Park makes ‘significant progress’ on China trip

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Park makes ‘significant progress’ on China trip

BEIJING - The Park Geun-hye administration expressed its satisfaction with China’s approach toward North Korea after her latest summit with Chinese President Xi Jinping, calling Thursday’s joint communique significant progress to end Pyongyang’s nuclear brinkmanship.

North Korea experts agreed that China’s latest position was far more progressive than its previous stance, but some said it fell short of being seen as a clear shift.

“In the joint communique, the parts about the Korean Peninsula included many new aspects,” Foreign Minister Yoon Byung-se said. “It was the first time that China expressed its support officially for another government’s North Korea policy. In the joint communique, it was expressed as ‘China welcomes Park’s Korea Peninsula trust process.’?”

Yun also said the message urging the denuclearization of North Korea’s arms program was expressed with stronger rhetoric.

“You can see that the denuclearization of the North was expressed more strongly than the recent U.S.-China summit,” he said. “It stated that North Korea’s nuclear arms development is a serious threat to Northeast Asia. Along with South Korea and Japan, China is a member of the region, and it was an indirect way to state that the North’s nuclear program is also a threat to China.”

China, the largest benefactor and longtime ally of North Korea, has refrained from issuing straightforward messages to urge Pyongyang to give up its nuclear arms program.

Expectations were high in Seoul that China would use sterner words toward the North through the summit, and the Park administration appeared to be content with the language of the joint communique.

“If you look into the wording carefully, there are many hidden implications,” Yun said.

The joint communique did not condemn “North Korea’s nuclear program,” but stated instead that the “relevant nuclear development” poses a threat to Northeast Asia’s peace.

Because the paragraph right before addressed South Korea’s position that a nuclear-armed North Korea won’t be tolerated under any circumstances, the “relevant” program means the North’s atomic weapons, Yun said.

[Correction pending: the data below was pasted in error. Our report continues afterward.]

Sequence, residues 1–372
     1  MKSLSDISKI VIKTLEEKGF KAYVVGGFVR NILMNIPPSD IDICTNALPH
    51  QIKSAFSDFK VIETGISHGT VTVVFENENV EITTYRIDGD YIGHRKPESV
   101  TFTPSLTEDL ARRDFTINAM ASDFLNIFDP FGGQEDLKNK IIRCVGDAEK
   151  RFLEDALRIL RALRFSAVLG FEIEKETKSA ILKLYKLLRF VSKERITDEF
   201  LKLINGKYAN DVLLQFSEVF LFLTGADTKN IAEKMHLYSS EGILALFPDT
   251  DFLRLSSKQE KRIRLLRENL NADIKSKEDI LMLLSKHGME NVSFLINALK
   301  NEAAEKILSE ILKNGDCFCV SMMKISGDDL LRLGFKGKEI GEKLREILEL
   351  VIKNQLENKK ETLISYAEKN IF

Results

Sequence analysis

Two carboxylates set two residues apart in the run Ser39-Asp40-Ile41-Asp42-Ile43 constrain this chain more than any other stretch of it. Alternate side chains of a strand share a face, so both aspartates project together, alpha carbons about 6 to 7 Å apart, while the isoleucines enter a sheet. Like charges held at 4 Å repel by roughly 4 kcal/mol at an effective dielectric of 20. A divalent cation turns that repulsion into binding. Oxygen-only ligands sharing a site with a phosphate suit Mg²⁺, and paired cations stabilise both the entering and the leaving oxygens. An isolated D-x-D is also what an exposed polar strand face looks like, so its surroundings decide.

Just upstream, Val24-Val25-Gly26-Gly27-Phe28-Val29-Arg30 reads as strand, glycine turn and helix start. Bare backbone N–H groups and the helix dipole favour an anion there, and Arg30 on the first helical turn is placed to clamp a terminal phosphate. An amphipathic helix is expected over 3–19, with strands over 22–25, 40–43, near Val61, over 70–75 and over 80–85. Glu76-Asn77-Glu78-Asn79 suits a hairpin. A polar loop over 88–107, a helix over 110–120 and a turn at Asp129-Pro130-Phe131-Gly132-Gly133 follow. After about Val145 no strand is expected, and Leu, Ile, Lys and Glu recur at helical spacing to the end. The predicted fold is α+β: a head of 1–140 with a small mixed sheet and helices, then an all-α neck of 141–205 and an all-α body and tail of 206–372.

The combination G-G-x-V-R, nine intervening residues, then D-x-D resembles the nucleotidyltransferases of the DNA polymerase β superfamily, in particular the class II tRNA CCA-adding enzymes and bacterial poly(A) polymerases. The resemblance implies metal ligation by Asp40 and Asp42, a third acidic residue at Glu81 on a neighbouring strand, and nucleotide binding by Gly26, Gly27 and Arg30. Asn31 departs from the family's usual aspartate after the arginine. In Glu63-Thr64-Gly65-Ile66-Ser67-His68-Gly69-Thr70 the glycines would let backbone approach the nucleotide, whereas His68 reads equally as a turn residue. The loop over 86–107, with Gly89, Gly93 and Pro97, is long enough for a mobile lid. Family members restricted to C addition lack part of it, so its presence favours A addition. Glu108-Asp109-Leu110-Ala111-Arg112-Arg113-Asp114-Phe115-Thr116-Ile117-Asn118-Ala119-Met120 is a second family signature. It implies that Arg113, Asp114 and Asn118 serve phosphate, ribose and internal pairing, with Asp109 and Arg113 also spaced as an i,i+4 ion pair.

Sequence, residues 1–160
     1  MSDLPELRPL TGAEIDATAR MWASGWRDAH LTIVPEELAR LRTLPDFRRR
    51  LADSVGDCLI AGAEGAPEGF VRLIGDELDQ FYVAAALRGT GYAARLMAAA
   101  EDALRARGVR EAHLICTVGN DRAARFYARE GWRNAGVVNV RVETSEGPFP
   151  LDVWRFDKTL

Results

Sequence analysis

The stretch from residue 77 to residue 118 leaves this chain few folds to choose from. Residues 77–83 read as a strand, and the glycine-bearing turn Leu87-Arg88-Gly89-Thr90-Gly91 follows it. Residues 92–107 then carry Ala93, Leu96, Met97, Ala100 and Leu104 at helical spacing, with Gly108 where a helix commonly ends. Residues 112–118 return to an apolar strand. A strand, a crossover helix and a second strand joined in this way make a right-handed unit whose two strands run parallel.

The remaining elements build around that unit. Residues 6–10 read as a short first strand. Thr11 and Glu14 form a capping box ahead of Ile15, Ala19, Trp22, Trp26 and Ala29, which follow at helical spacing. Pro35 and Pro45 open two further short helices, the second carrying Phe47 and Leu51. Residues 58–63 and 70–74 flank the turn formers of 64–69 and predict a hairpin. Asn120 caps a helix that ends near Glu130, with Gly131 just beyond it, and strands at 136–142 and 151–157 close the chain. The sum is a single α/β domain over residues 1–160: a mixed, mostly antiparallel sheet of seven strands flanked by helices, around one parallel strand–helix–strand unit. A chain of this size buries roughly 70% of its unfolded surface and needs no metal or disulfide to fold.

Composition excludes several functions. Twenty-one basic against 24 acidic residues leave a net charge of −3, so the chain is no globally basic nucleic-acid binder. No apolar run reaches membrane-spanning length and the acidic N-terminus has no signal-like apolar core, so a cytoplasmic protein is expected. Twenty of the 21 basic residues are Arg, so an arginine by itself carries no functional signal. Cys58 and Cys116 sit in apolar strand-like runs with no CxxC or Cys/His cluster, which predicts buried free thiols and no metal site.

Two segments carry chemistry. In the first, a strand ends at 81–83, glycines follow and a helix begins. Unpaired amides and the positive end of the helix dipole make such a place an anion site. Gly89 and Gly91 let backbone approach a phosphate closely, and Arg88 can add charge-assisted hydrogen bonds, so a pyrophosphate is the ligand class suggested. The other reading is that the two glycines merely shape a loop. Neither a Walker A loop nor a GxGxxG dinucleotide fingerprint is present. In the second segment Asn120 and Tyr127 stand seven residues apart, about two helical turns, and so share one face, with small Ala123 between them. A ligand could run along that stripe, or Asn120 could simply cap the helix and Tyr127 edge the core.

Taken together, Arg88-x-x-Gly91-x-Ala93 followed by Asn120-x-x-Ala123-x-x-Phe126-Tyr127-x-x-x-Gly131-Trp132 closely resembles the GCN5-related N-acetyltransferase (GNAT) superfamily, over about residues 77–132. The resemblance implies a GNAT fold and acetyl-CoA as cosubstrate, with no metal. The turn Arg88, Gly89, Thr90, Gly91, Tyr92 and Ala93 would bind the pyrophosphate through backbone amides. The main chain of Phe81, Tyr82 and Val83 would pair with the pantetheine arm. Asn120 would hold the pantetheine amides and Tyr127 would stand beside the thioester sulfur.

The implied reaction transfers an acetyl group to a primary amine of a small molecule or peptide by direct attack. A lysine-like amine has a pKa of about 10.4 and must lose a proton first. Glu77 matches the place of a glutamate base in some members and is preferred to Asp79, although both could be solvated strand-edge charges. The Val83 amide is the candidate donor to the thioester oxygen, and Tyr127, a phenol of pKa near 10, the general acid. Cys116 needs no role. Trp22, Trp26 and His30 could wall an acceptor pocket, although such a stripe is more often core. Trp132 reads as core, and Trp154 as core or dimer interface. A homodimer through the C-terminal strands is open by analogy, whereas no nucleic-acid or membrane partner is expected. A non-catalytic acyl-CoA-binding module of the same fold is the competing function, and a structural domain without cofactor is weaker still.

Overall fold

In 1998, China adopted the position that the goal of the joint declaration of the denuclearization of the Korean Peninsula, issued in 1991 between the two Koreas, must be realized as soon as possible.

The stance reflects Pyongyang’s long-standing argument that its nuclear programs should be treated equally to the atomic programs of the South and U.S. Forces Korea.

“It is significant that China shifted from that position,” said Jeung Young-tae, senior research fellow at the Korea Institute for National Unification. “It means that China will no longer turn a blind eye to the North’s nuclear development and provocation.”

According to Jeung, a sign of change was also seen in China’s approach toward the six-party talks.

Until now, Beijing insisted on using the negotiations among the two Koreas, China, Japan, Russia and the United States as the sole tool to resolve the nuclear crisis.

But the joint communique from Thursday’s summit said the two leaders agreed to strengthen various formats of bilateral and multilateral talks within the six-party dialogue.

The Blue House said Seoul, Washington and Beijing will further work together to coordinate their policies toward Pyongyang.

Some experts, however, said the summit failed to meet the high expectations in Seoul that China would send a clear and stern message to the North. “China’s expression was less clear than that from the recent U.S.-China summit,” Lee Ho-chul, president of the Korean Association of International Studies, told the JoongAng Ilbo.


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